“I’m going to be making a pretty impactful decision for the future of the franchise,” he said. “I’ve pondered the significance of the decision quite a bit. It’s big. I’m the kind of guy, when I walk the hallways of our building in Nashville, I get chill-bumps. It’s pretty cool to be working for the team in my home state. I’m a Tennessean, through and through. And I want to do something good for the people of Tennessee.”

• WHO IS LAREMY TUNSIL?: A little background on the mammoth man from Mississippi who rarely grants interviews.

I always wonder when I see a story like this—a kid from a small town in Tennessee, who played middling college football, who was a low-level assistant at Nicholls (La.) State—how a person gets to be an NFL general manager. In Robinson’s case, it started with Kalimba Edwards.

Remember Kalimba Edwards? Former linebacker at South Carolina. Drafted by the Lions as a defensive end in the second round in 2002. Had 31 sacks in seven so-so NFL seasons. When the Patriots summoned Robinson—then a Nicholls (La.) State assistant coach and NFL scouting liaison—for an interview for a scouting job in the winter of 2002, personnel chief Scott Pioli handed Robinson three video tapes of Edwards to watch. After Robinson watched, he told Pioli that Edwards had been playing out of position at South Carolina and should be a defensive end, and he took a couple of minutes to explain why. Pioli, as Robinson recalled, looked at him and said: “Just write what you see—like that—when you evaluate players. If you keep doing that, you’ll have a chance in this business.”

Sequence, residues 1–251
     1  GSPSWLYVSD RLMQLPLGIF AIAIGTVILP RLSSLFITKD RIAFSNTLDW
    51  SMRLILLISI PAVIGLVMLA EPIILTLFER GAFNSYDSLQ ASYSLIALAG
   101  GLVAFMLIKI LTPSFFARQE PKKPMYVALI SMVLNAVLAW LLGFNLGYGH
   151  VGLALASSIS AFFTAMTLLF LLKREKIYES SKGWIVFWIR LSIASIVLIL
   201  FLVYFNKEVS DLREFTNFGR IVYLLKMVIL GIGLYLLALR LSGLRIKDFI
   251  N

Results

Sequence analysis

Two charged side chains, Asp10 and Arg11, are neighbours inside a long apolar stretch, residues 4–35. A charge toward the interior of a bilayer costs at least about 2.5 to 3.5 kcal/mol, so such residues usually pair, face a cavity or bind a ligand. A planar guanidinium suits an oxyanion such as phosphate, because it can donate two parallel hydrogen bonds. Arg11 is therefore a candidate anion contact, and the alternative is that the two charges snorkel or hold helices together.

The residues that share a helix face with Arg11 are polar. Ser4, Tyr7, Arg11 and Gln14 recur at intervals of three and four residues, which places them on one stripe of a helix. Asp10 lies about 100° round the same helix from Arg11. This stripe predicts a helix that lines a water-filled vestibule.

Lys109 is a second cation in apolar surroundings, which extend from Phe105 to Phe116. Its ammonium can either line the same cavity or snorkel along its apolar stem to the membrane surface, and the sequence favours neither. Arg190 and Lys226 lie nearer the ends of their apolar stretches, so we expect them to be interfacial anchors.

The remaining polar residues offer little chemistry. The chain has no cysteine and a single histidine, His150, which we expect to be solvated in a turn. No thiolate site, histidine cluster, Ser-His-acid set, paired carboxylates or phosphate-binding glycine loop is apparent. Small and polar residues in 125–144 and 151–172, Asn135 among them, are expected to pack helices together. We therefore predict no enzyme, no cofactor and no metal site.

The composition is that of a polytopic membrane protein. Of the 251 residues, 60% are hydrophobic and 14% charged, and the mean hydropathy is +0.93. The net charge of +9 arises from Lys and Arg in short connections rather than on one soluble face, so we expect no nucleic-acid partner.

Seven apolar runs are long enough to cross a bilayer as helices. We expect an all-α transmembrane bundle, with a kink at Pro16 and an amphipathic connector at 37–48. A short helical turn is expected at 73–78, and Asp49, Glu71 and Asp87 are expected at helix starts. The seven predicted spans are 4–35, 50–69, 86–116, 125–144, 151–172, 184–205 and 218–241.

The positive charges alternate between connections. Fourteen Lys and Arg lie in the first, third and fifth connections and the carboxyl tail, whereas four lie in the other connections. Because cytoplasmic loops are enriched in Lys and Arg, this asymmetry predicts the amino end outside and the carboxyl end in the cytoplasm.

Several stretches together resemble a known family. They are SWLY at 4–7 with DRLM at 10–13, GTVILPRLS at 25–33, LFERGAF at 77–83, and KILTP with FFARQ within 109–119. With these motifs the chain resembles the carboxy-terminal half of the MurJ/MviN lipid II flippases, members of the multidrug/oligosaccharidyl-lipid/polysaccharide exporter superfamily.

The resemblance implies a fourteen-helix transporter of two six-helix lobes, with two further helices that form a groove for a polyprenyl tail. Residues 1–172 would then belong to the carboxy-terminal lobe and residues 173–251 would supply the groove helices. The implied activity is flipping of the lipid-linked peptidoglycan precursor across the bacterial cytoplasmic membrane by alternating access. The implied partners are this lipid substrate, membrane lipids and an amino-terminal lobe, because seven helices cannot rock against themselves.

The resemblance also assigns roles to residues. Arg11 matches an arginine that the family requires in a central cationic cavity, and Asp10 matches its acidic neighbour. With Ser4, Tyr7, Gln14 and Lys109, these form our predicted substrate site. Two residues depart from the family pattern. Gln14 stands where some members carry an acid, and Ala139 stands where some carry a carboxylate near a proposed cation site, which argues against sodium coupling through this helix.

Robinson climbed the Patriot ladder for a few years, and when Pioli left to become the Kansas City GM early in 2009, Robinson was made the Patriots’ director of college scouting. In taking the job, Robinson remembers going into coach/franchise czar Bill Belichick’s office early that offseason to tell him how he planned to put together the board.

“I’m not going to be right all the time,” Robinson recalls telling him. “But my role will be to get everything organized for you so at the end of the season you can start the process of learning about these guys. I’ll strive for perfection, but I might make some mistakes.”

Robinson recalls Belichick telling him, “Are you kidding me? You know how many time I’ve been wrong?”

• POST-COMBINE MOCK DRAFT: Robert Mays pairs up prospects with teams in his first attempt at projecting Round 1

In his four years in New England, Robinson got that reinforced a lot, and it should serve him well in Tennessee.

“We’re going to be a draft-first team,” said Robinson. “I want team-first, coachable guys. I want to stack good draft classes on each other, one by one. When these guys in this draft walk in the door, I want them to make a statement to our team.”

Tunsil, says Robinson, “checks off a lot of boxes for us. But personality-wise, we’re in the infancy stages of getting to know him and whether he’d be a fit.”